The star-independent. (Harrisburg, Pa.) 1904-1917, October 19, 1914, Image 1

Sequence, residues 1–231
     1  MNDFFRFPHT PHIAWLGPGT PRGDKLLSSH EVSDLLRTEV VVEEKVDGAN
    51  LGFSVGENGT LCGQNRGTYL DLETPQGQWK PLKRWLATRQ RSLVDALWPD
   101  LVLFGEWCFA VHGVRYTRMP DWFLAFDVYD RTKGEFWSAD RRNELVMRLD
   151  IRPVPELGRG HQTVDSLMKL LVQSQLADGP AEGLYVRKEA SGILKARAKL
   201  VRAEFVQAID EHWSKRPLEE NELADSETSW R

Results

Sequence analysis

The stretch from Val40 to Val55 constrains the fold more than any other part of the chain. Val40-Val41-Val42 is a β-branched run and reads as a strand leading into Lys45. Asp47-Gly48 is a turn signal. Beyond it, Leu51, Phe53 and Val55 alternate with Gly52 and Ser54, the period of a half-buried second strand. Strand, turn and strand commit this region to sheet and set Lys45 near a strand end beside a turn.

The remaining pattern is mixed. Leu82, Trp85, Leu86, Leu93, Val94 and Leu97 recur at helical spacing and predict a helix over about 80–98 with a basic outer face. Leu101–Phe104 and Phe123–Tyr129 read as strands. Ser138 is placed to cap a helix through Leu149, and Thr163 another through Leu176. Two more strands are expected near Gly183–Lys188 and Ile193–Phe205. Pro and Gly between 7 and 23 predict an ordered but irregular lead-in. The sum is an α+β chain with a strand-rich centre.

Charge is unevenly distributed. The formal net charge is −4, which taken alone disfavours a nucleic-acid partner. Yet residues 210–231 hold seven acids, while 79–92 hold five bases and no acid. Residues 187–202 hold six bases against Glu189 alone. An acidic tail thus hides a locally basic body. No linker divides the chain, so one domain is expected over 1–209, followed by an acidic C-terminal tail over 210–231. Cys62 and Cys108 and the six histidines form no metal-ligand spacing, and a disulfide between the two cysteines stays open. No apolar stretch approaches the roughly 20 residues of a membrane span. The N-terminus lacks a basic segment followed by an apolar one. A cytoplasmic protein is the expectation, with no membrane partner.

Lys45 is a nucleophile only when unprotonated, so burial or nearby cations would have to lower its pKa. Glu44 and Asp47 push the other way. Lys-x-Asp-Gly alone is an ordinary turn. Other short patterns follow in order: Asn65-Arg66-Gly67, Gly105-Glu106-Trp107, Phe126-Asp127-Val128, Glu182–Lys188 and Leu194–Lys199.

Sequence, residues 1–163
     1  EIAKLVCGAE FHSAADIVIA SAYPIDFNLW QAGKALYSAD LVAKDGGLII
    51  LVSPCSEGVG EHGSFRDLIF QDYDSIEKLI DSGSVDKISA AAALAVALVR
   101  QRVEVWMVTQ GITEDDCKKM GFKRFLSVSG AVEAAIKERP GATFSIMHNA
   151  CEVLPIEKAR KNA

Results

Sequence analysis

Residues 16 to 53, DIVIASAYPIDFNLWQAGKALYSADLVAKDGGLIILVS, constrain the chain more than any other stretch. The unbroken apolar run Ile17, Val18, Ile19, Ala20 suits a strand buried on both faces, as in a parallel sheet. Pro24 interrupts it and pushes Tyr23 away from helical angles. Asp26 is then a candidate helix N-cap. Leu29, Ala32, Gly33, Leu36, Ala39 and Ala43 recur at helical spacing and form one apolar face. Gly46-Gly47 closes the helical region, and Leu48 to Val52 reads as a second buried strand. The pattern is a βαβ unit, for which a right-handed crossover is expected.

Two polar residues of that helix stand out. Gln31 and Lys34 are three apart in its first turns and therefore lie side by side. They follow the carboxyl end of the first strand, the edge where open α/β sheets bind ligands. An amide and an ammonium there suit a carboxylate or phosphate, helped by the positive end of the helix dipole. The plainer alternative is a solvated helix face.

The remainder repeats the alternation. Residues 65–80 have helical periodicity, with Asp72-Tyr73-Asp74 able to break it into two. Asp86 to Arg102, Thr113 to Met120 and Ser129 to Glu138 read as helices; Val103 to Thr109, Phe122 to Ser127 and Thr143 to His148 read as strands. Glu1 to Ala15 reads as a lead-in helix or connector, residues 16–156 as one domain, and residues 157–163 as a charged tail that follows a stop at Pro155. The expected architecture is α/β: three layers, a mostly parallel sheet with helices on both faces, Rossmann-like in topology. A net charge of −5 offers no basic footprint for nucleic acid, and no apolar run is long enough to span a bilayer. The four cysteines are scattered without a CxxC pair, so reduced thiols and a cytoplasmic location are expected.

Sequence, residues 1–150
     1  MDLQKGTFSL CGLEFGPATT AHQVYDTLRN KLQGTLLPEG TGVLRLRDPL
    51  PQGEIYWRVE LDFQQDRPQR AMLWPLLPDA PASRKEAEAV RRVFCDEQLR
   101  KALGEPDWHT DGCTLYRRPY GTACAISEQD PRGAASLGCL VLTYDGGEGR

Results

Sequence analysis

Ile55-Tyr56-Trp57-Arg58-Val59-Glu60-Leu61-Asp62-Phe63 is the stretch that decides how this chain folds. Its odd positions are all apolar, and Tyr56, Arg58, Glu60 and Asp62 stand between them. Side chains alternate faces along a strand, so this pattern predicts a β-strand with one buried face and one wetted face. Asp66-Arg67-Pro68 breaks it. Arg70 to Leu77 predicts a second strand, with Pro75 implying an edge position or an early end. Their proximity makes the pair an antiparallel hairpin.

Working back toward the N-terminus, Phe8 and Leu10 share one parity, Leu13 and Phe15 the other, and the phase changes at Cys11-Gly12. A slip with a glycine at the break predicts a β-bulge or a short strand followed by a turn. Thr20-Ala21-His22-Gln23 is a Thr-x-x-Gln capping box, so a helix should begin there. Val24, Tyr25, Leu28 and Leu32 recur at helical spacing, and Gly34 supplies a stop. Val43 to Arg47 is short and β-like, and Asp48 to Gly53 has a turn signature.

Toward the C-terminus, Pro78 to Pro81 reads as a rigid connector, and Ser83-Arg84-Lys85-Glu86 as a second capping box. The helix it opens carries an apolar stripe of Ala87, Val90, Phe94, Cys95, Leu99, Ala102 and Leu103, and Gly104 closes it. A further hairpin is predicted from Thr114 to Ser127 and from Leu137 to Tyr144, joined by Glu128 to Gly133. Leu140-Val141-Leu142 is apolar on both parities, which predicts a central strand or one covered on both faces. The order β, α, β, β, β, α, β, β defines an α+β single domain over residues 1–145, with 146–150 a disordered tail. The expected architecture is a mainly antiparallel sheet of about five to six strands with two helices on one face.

THE WEATHER I FAIR TO NTOHT AND TO-MORROW DHaIM Reyvrt. Pica • . S® VOL. 76—NO. 117. JAPANESE CRUISER SUNK BY MINE IN KIAO-CHOW BAY; 271 OF CREW PERISH One Officer and Twelve Men of the Takachicho All That Were Saved of the War Ves sel's Complement of 300 Men, According to Official Report—Austrian Submarine Reported Sunk in the Adriatic To-day by a French Cruiser —Allies 9 Fleet Again Starts the Bombardment of the Forts at Cattaro Tokio, Oct. 19, 5.30 P. M.—lt is •fficially announced that the Japanese cruiser Takachiho was sunk by a mine in Kiao-Chow bay on the night of October 17. One officer and eleven members of the crew are known to have been saved. The Takachiho was on patrol duty outside Tsing Tau when she fouled the mine. The Japanese destroyers heard the explosion and saw the flames that resulted. They hur ried to the assistance of the cruiser which, however, dis appeared quickly and in the darkness it was possible to rescue only twelve men. Twenty-eight officers, 54 non commissioned officers and 189 seamen perished. The Japanese cruiser Takachiho was built in 1885 and refitted in 1900. She was a vessel of 3,700 tons and was 300 feet long and had 46 feet beam. Her main battery con sisted of eight 6-inch guns and her speed was about 18 knots. She carried a crew of 300 men, only twelve of whom, according to the official report, are known to have been saved. AUSTRIAN SUBMARINE SUNK Cettinje, Montenegro, Oct. 19, va London, 1.46 P. M.— An Austrian submarine was sunk in the Adriatic to-day by a French cruiser. Two submarine vessels went out from the bay of Cattaro to attack a French fleet, which was making its way along the Dalmatia coast. They were quickly sighted, however, by the French who took aim and sent one of them, the leader, to the bottom. The other submarine escaped. The French fleet subsequently recommenced the bom bardment of the forts at Cattaro. An Austrian areoplane dropped several bombs in the neighborhood of the fleet but no damage was done. A struggle for the possession of the strip of French seacoast that is nearest to the shores of England was the most interesting phase of the war situation to-day. British naval forces are reported to have joined in the movement with the allies who are making a determined stand on the Belgian frontier against the westward drive <»f the German right wing. 1 lie exact battle lne is not known. This afternoon's official French statement says that the German artillery lias attacked without success "the front of Nieuport to Vladisloo. to the east of Dixmude." The allies, it adds, have advanced as far as Roulers and there has been sharp lighting on a front from La Basse to Ablain and St. Nazaire. Paris states that the allies are moving on Lille which Mas occupied by the Germans on October 13. An earlier dispatch from London stating that the Ger mans were bombarding Lille may have referred to events prior to October 13 and been delayed in transmission from France to London. There is nothing from Berlin to reveal the position of the (iermans that are contending for the coast line. There is no doubt, however, that they are bound for Dunkirk and < alais and are prepared to meet a strong resistance. Rains that caused much suffering to the troops in France earlier in the campaign are falling again on the battlefield so continuously that great hardships result to the men and military maneuvers are made more difficult. Germans and Austrians have encountered bad weather in Russian Poland, heavy roads delaying the movement of their artillery. They claim, however, to be making progress along the \ istula. Petrograd asserts that the invasion has been definitely checked. Nothing is known definitely of the fate of Przemysl in Galicia but the best information is that it is still holding out against the Russians. Vienna asserts that.the siege of the city has failed. An Austrian submarine was sunk bv a French cruiser in the Adriatic to-day. Japan lost the cruiser Takachiho which struck a mine while patrolling off Tsing-Tau. Two hundred and sev enty-one officers and men perished. Additional Canadian troops were landed at Avon mouth, England, to-day. The Turkish government has refused the British de mand that the German crews be discharged from the cruisers Gbe ben and Breslau which Turkev bought from German v. I ©* Star- Mb SnkfJenktii HARRISBURG, PA., MONDAY EVENING, OCTOBER 19, 1914—12 PAGES. RUSSIAN PRZENIYSL LOSS IS 48.80UMS AUSTRIA Lon<k>n. Oct. 19. 9.10 A. M.— A dis patch from Vienna, via Amsterdam to Reirter s Telegram Company, gives an official statement of Hie Austrian oper ations in Galivia issued on Sunday by GeneraJ Von Hoef-e. the deputy chief of the Austrian general staff. It says: "Our attack in the battle on both | banks of the Ptrwiaz. south of Pr-emysl was continued yesterday and our troops succeeded in setting • 'k>ee to the enemy. I At several points our troope were ad vancing as against a fortress, i.ast night several attacks of the Russians were re-pulsed with heavy losses for the j enemy. Our artillery is now in action. "The pursuit of the enemv north of, Wysrekow. near the Carpathian passes, has continued. In other parts our troops \ have already advanced over t>iie Tax- \ pathians. ''The Russian losses during their at tacks ou Prramysl are estimated at 40,000 dead and wounded." GERifIANS EVACUATE LILLE j I THIRD SCRIBE London, Oct. 19. 2.03 A.M.—••Lille, | has been evacuated bv Germans for the I third time, says the "Telegraph's'' | correspondent iu the north of Prance, j !"Thir ev.r. uatiod was ma le uecessary ! by the allies' capture of haven tie aji.l Ksra raj, whieh forced the Germans to hastily leave the plain between Ha?.e broek and Lille. ; " Everywhere along our left flank we have been successful and the Germans are falling back under pressure which ■hey cannot resist. It it not ei en cer tain that they will ■hold Osteud. Refugees tell me thai there were no ■ Germans in Ostend on FVMhv. j "The C>ftr»n#n USa-qjjt feat**-! in the western theatre *»f acf'on ' but its position is ore of «jctrente : ] -peril. The allies took Builloul. seventeen i miles northwest by w«rt of Lille on ' ■ Thursday." 1 GERMAN ADVANCE HALTED ! ON COAST. STATES SCRIBE Undon, Oct. t9. 3A. <\f.—< a d- 1 vsnce of the German force threatening, the Northern French ~o * st has been ; thalted for the moment.savs the corre spondent of t-he " Chronicle *' in North ern France. "Tue 'Germans have fered heavily in tSie recent fighting and ! •re uow abort of munitions and store*. ! •However they axe preparing to strike a bvavy blow. It i„ probable that taev i j WW I attempt to penetrate the defense of Onnnirk w.th the object of overrun-I ; amg the Hren.li ioa«t a* far as Oaiair • | and Blogone. The Wy *ie K e guns * Antwerp aj-e being moved toward ' I the , resent German line whu-h the large ■oodies of German troops are being push ; e.i forward. A larger foree of German j troops is centered «i the Thoucouri, | twelve miles sonfhwest of Bruges Bel- i j jnitm. i "'Dunkirk is caim, although the cwv i realizes th«t irt is meuaced. Along the front of both armies phe dntv in rhe | trenc'aes is made more unpleasant t)V ' ■ heavy rains and the ground between the ' | armies in many cases is a bog. The' I weather is turning colder and the mists I and fogs make the low lying eouotrv xm ! healthy. Twenty Japanese Drown in Typhoon Tokio, Ort. 19.—1t Is announced | that a typhoon has struck Kiao-Chow, destroying the landing pier. Twentv t j Japanese sailers were drowned. SHOOTS WIFE AND SKI,F Alleged Insanely Jealous Husband Fig-' ures in Dual Tragedy i Special to the Star-Independent. I ' Hagerstown. Md., Oct. 19.—After shooting bis wife in the head and then fleeing, Gordon West, aged 23 years, j attempted to commit suicide along the ] road on the way toward big home, near ! Unionville. Frederick county. The bul let entered his forehead above the , right eve. He lay. unconscious along j the road for some time, but later was | found and was able to be taken to ; -fohnsville where the injurv was dress- ! ed. ! West probably thought that he had j killed his wife and decided to put an | end to his own. It is said that he has been insanely .jealous of his wife, and I that he has threatened to kill her on | numerous occasions. TAFT A WHITE HOUSE OAIiEE Former President Is Warmly Greeted By Mr. Wilson To-day Hy Associated Frrtu, I Washington, Oct. 19.—Former Pres- j ident Taft called upon President Wil son to-day at the White House. He was , immediately received by the President j who greeted him warmly. Mr. Taft.expressed his pleasure at! being at the White House again but said that he enjoyed private life. ' THE NE W HOME OF THE Y. W. C. A. Handsome Building Just Completed at Fourth and Walnut Streets Will Be Open for Public Inspection Next Thursday Morning. ROOF IS HAILED IN TABEIIftCLE : ! Thirty Volunteers To • day Continue Work on Building Begun • Saturday NO FREE DINNER FOR THE TOILERS Skeleton of Structure, Which Waa Viewed by Big Crowds of Chnrcb Goers Yesterday, Assumes Mors Distinct Form This Afternoon r \ Stough Campaign Activities To-night, personal service com mittee to meet at the Fourth Street i Church of liod and entertainment committee at headquarters. To-morrow night, executive com mittee to meet at headquarters and neighborhood praver meetings to be , hell. • Wednesday night, shop meetings I committee to meet at headquarters. Thursday night, prayer meeting ' rallv at Knola Methodist church. | Friday night, neighborhood pray- I er meetings. * Work which was begun Saturday on ; the Stough tabernacle was continued to-day by about thirty volunteer work-1 men. The enthusiasm naturally was not as high as on the first day of the ■ construction work, and progress was comparatively slow. The day was spent ;n putting on the roof, beginning at | the east side of the big building. No dinner was served to the workmen asl on Saturday. At the dinner hour the men who do not live in the immediate' vieinity, sought relief from the heat of the inid-day sun in nearby restau rants. Some few gave up the task for the day, but their places were taken by reinforcements. The huge wooden skeleton which rose on the tabernacle site on Satur day was viewed by large crowds of curious persons going to and from the downtown churches yesterday. For some time there was a constant stream of' churchgoers passing up and down Caatlaaed on Elrvcath I'nir. ; BURGLAR TAKES PEANUTS. ! LEAVES A NICKEL BEHIND Jacob Sawyer's Establishment on Mar ket Square Opened and Entered, but Missing Goods Are Paid for in Good American Money The police are not worrying about the thief who boldly and within a I square of police headquarters entered | the peanut wagon on Market square I in front of Miller & Hades' stove, stole a pack of peanuts and left in return a new buffalo nickel. There is nobody to swear out a war ■ rant for the arrest of this person, al ' fhough it is a crime to break and enter, and that is what happened. Some time < between midnight Saturday and 4 o'clock Sunday afternoon somebody got hungry for a pack of peanuts and, seeing the* peanut stand handy, decided to get the peanuts. He wasn't a reg ular thief, just a man hungry for pea nuts, and lie paid for what he took. , Had he closed the door as he found ! it, the "loss'' would not have been dis ; covered until it was time to open shop I this moruing, but the door was not closed properly and it swung open yes | ferday afternoon, attracting the atten ; tion of a small boy, wno reported to I Policeman Wiesman, who investigated and found the nickel. The policeman sent for Jacob Saw i ver, 306 South Second street, owner of the stand, and fo ' his son-in-law, John . Tolmi, who closed up Saturday night. who took a complete inventory of the i stock. Kvorything was accounted for ! but a pack of peanuts, hei;ee the con- I elusion that the burglar was just i hungry for peanuts and had the money I to make the purchase, but no place to j buy them. i 'Mr. Sawyer is inclined to treat the ' affair as a joke, not as n crime against the iommon wealth. Re is not worry i ing and consequently the police are not worrying. PEN TERM FOR A WOMAN Hattie Dutton, Who Snatched Purse, Gets From One V> Two Years Imprisonment ia the penitentiary for not less than one year and not more than two, a fine of $5 and the costs was the sentence imposed by Judge Kunkel this morning on Hattie Dut ton. colored who was convicted of at tacking a white man and relieving him of his wallet, containing S3O. A prominent Harrisburg business man, while hurrying to catch an early morning train, was attacked by the Dutton woman in a darkened section of the Kighth ward and in the scuffle be was robbed of his purse. The police arrested the womai. before she could] make a getaway. DOCTOR'S WIFE ON IMiiKB Mrs. Carman Brought Into Court To-day on i Charge of Slaying Mrs. Bailey I 200 SPECTATORS WILL BE LIMIT Hundreds of Persons Anxious to Attend Sensational Trial Doomed to Disap pointment in Consequence of Small Court Room I Bu Associated Press, j Miueola, N. V., Oct. 19. —From a | special panel of 150 talesmen sum I moned to appear in the Supreme Court I here to-day, the'jury will he selected ! tor the trial of Mrs. Florence Conklin I Carman, charged with the murder on 1 June 30 last of Mrs. Louise Bailey, j Hun 1 reds of persons anxious to attend ; the trial, who have known Mrs. Carman j for many years, or who were friends of I the murdered woman, were doomed to disappointment by the announcement that the court room would only seat ahout 200 spectators and the doors would be locked after that number haJl been seated. The Nassau county court house, where the trial began today, aud the jail nearby, where Mrs. Carman occu pies a cell, attracted many visitors yes terday. Mrs. Carman yesterday held ' final conferences with hef counsel and j her husband, Dr Edwin Carman, in whoee office at Kreeport Mrs. Bailey was killed by a shot fired through a window. The State will try to prove that Mrs. CarihAn fired this shot. Mrs. Carman, is bearing up well, ac cording to the jail physician. Her phy sical condition is such, he said, that she will be able to go into court and fa e her accusers. William Bailey, husband of the mur dered woman, last night announced that he would attend every session of the trial. Mrs. Bailey's mother, Mrs. Jennie Duryea, expressed a similar intention. For both sides forty-three witnesses are under subpoena for appearance to-day CoatlaiiFd OB Pt«, POSTSCRIPT PRICE. ONE CENT. PIMM TO liICIM.CI Handsome New Build ing Will Be Open Thursday From 10 A. M. to 10 P. M. MANY GIFTS HAVE BEEN PRESENTED Friday Afternoon the First. of the Teas for the Rainbow Campaign Will Be Given—Partial List of Lisutonants Announced On Thursday of this week. from 10 a. m. to 10 p. in., the Young Women's Christian Association a! Fourth and Walnut streets, will open for inspection their handsome new building, the erec tion of v, inch was 111 a. le inissuMo bv t'he j penereus contributions of the people of Harrislntrg. The general pu*>li<> is cor diail.v invited. No invitations will He issued, hut it is expected thnt everv 'one l,i Hiirrisburg ami vicinity will at tend. I'he building committee, members of t'he board of directors and of the re ceitinn committee, will ;>.-t as hostesses ! ou the tour of inspection through the building. The thoro ugh equipment from base ment to roof, in a!l departments, will be a sit"; rise to many. The main en trance is on the Fourth street side, iu»t. opposite the doorway is t ie e'evato' and stairway. To the right ou the first floor is r.ie pii'Mic and ,rivnte office of the ; general secretary, and to the left is the 1 large cafeteria, lighted by nine win dows with ample table spa.'e and the ; most modern conveniences in t ie way of serving and heating apparatus. Toe ap : petiring foo l served at the W. ('. \. neei's uo advertising. Heretofore, in the smaller quarters, during tho hours of the noon aitca from '1.P.0 t-i 1.30. Thee we-e often aiore n-"'' than could b" RccomtMo 'ated. The average dally attendsn cat ti>c noon !na.*b was from SL' to PL'. Tie largest tola! number of | u-eals served in any one inontn was 1.- I 991, last May. Kecause of many -»• . qi,e«ts rhe board has dc.de I that men also snail be welcome to tiie new : ca. r oterin. The John Y. Boyd Hall I On the sc on I floor pt' title new huiM iu? ih the es'e*flu»|v I all tv-'iir-b -• it! l'ufnisJied by M r s. .lohn V. Boyd an I I He- dm g'hters, and shall l>e known as ] the John V. Hoy.| hall. Uis xv : ;-h pe culiar pleasure that the assc iaiion is , t)ius enn ►leil to perpetuate Mr. Boyd's | name in conne.tiou with the building j since h « >;:rit of encouragement an I i inspira ::on <vas a large t'n tor in the 1 success i»f the building fund campaign, the second an.l third floors are ■ j Continued on tenth I'ncf. REBELS ARE SN CAPE HftlflEN j Enter City in an Orderly Manner— -1 American Marines Landed and Control the Situation Rif Aa&oviatrd Press. Cape Haitien, Haiti. Oct. 19.—The latest development it. the Haitien revo ( lution is the occupation of Cape. Hai [ i t ion by the victorious rebels. Thev entered the town to-day. American J marines from the warships 111 the liar j bor have been landed and are in con trol of the situation. The rebels entered in an orderly manner anil there have been no ex cesses. The ministiv of President , Zamor, realizing that it is not in a position to control the situation, left j Cape Haitien to-day on the dispatch boat. i; . >- "TOO BL'SV" TO 00 TO COI'RT Youth Jailed on Contempt Charge Is Reprimanded and Put Under Bonds Wilson Fottelger, the Penbrook youth whoee plans for a Sunday chest nut hunt were upset 'bv his being jailed 8 on Saturday on a contempt of court 1 : charge growing out of his failure to re r port to court under flhe suspended sen j ience rules, told Judges Kunkel and n ! MJoOarrell this morning that he had been "too busv" and "forgot to come r I J j The lad was reprimanded anil in j formed tbat he could have been sen , | tenced to pay a SSOO fine and serve i t'hree years in the penitentiary on t>he j charge to which he pleaded guilty, but ' under which he had 'l>een permitted to go with a suspended sentence. The Pi. judges, however, decided to give him " | one more chance. The youth was ordered to pay the -> j costs in t'he contempt ease and was told e ! to provide a bond to guarantee ho 'would appear at suspended sentence i- j court in January and an additional I j ibond to comply with a $6-a-week main d | tenanve order made in favor of his n | young bride. I CHANCE TO SEE COMET j Natural History Society Invites the j Public to View It This Evening t j The astronomy section of the Natur al al History Society will meet in the riv er park at. Front and Forster streets . at 6.30 o'clock this evening, weather t permitting, to view the Delavan comet. e Any person in the city who has not seen e it is welcome to join the party. Each |>erson is advised to bring e along a pair of opera glasses or binoc „ u-larS. As the comet sets shortly after 6.4S p. m„ all should be there at 6.30 sharp.